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Fall first thoughts 2012: NBC's Revolution

Revolution (2012) poster

Written by : published Tuesday 11th September 2012

Fall first thoughts 2012: NBC's Revolution main image

Someday what if everything just stopped working? Like a giant EMP hit the entire planet Earth? It’s a valid question, one that goes up there with ‘what would you do during a zombie apocalyspe’. I mean, because if you stop and think about it, almost our entire way of life depends on electricity. So what would happen if one day that anything running via electricity just stopped working? Well that is the question the guy who practically made ‘the mystery-box-show’ mainstream (with a side of lens flares) executive producer J.J. Abrams asks with his newly produced NBC’s series Revolution which aired tonight. How does the “Pilot” of Revolution hold up?

The plot is sort of basic on the whole mystery box concept (which you can see him discuss here) which is what if one day the power goes off and the entire planet is thrust back into the dark ages; no electricity meaning no technology. Without any modern technology, who can tell us the who,w hat, when, where and why’s?

The series opens with scenes of the blackout with two groups of individuals: Rachel (Elizabeth Mitchell) and Ben (Tim Guinee) Matheson and their two children as they deal with the blackout, something that Ben seems to know about before it happens, which leads to him calling his brother Miles (Billy Burke) who is driving in a car with his friend (David Lyons from NBC’s much maligned The Cape) miles away from Chicago where his brother is.

Charlie fights for her life Cut to fifteen years later, where life is back to what it was long before the industrial revolution: no electricity. Ben watches over his two small children who have grown into teenagers, Charlie (Tracy Spiridakos) and Danny (Graham Rogers) Matheson. Things seem fine in this quaint farming community until Tom Neville (Giancarlo Esposito) a general or sergeant of a section of ‘Monroe’s Militia’ who is sent after Ben ends up killing Ben and half of the village. Taking Ben’s son Daniel as hostage, Ben’s final words is to get his brother Miles who is hiding out in Chicago. And so away they go, off to get Miles and save Daniel who Neville takes as insurance back to Monroe. And there are a few twists thrown in for good measure, which is naturally electricity, does still exist plus the guy in the car with Miles at the beginning is Monroe.

Revolution is a show that is a tough call; it sort of tips back and forth from being not good to interesting enough. Some of Revolution’s best moments are any scene involving Lyons, Burke, or Zak Orth as the nerdy ex-google worker Aaron. The direction headed up by Favreau is quite good as well, but as a lead, something about Spiridakos’s take on Charlie left me feeling cold. And it isn’t exactly a miscast so to speak, as she does okay but she is missing that something that makes me want to root for her in her situation. Granted, the plot dictates that we automatically like her, but I just don’t care about her character’s arc as per the “Pilot”. Instead, I’m way more interested in Miles himself.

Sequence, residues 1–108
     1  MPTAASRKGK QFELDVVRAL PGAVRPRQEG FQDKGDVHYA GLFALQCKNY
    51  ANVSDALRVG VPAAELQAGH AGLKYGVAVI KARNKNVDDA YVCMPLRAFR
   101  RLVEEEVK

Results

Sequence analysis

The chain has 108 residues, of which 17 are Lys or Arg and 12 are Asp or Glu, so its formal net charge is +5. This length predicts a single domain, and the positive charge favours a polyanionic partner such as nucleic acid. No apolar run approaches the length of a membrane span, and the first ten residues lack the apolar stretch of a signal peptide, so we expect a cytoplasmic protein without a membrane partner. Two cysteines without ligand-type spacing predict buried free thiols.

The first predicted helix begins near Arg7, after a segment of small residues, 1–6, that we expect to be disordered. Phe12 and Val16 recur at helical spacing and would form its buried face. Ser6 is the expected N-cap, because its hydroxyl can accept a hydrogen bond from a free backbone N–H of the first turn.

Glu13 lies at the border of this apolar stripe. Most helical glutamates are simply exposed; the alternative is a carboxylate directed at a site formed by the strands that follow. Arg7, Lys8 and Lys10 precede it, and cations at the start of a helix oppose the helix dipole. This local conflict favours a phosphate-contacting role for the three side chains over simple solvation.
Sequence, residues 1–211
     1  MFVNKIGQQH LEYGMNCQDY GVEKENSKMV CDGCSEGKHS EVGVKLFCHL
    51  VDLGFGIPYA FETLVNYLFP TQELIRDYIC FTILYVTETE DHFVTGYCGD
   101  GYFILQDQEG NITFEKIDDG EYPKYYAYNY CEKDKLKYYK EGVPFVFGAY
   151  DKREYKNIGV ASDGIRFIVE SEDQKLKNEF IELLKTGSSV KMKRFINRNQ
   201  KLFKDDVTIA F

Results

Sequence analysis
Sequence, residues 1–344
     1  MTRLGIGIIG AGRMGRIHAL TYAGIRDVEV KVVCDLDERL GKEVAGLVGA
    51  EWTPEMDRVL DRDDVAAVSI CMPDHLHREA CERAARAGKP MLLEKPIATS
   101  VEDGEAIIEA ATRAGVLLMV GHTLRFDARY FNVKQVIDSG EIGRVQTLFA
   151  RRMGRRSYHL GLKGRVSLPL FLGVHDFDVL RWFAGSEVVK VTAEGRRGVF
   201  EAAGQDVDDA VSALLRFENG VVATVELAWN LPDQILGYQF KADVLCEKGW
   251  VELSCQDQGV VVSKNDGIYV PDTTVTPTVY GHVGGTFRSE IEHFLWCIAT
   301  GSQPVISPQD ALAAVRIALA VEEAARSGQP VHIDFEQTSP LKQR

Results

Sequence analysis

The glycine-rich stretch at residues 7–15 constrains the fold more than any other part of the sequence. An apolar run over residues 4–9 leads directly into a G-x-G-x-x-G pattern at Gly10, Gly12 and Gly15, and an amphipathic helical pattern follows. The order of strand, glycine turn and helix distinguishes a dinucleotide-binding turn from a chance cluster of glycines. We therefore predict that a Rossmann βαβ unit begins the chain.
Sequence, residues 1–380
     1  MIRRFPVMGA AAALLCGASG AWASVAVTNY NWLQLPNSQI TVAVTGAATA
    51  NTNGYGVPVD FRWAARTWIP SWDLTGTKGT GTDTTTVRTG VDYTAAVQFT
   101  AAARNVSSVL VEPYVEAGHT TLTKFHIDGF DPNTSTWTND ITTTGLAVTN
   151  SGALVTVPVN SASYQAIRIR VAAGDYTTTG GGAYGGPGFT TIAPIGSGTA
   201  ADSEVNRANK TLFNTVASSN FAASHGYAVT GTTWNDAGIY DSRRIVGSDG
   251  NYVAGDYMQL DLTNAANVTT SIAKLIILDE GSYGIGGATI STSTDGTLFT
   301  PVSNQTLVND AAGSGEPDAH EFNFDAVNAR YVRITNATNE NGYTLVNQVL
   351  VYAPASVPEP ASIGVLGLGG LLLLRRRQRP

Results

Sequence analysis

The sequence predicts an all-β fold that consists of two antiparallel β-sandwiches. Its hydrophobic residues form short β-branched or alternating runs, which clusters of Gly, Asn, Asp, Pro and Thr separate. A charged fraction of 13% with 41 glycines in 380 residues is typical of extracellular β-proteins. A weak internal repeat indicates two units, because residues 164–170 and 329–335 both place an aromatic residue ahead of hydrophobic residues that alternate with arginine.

Being we don’t get back to Miles until much later in the episode so the idea that after the show opener of the lights going out leading to stuff with Charlie, her father Ben, etc is good on paper and even looks good but being that as an audience member I personally seemed more interested in the Miles character, it screwed up the pacing of the episode for me.

Miles finds the spy...

Overall the “Pilot” of Revolution was mediocre, and is kept going by excellent direction and intrigued of what did cause the power to go out and the relationship between Miles and Monroe. Revolution won’t be the next L0ST or Fringe but that could be incorrect. With a proper amount of time and proper writing to hit the point home, Revolution could equal such great Abrams produced works, or it could fall to the wayside like Alcatraz which is: plenty of potential wasted until the last two to three episodes but by that point the series audiences mostly abandoned the show. 

About the author goodbadgeeky


Nick ‘Nitro’ Arganbright has an extreme love for a good story, whether it be in film, tv, video games, comic books, music or more and it shows in each article and podcast he produced. The titular podcast he produces is called The Good The Bad & The Geeky with co-hosts Jon Bettin and Nathan ‘DJ Meat’ Haley. The podcast has helped him make a few contacts within in the industry which he hopes to use to entertain and inform readers of his reviews on Examiner.com and The TV King, offering an average joe opinion that is often overlooked in major print and online publications. If you’d like to e-mail him, please do so at [email protected] or you can tweet him on twitter at @goodbadgeeky.

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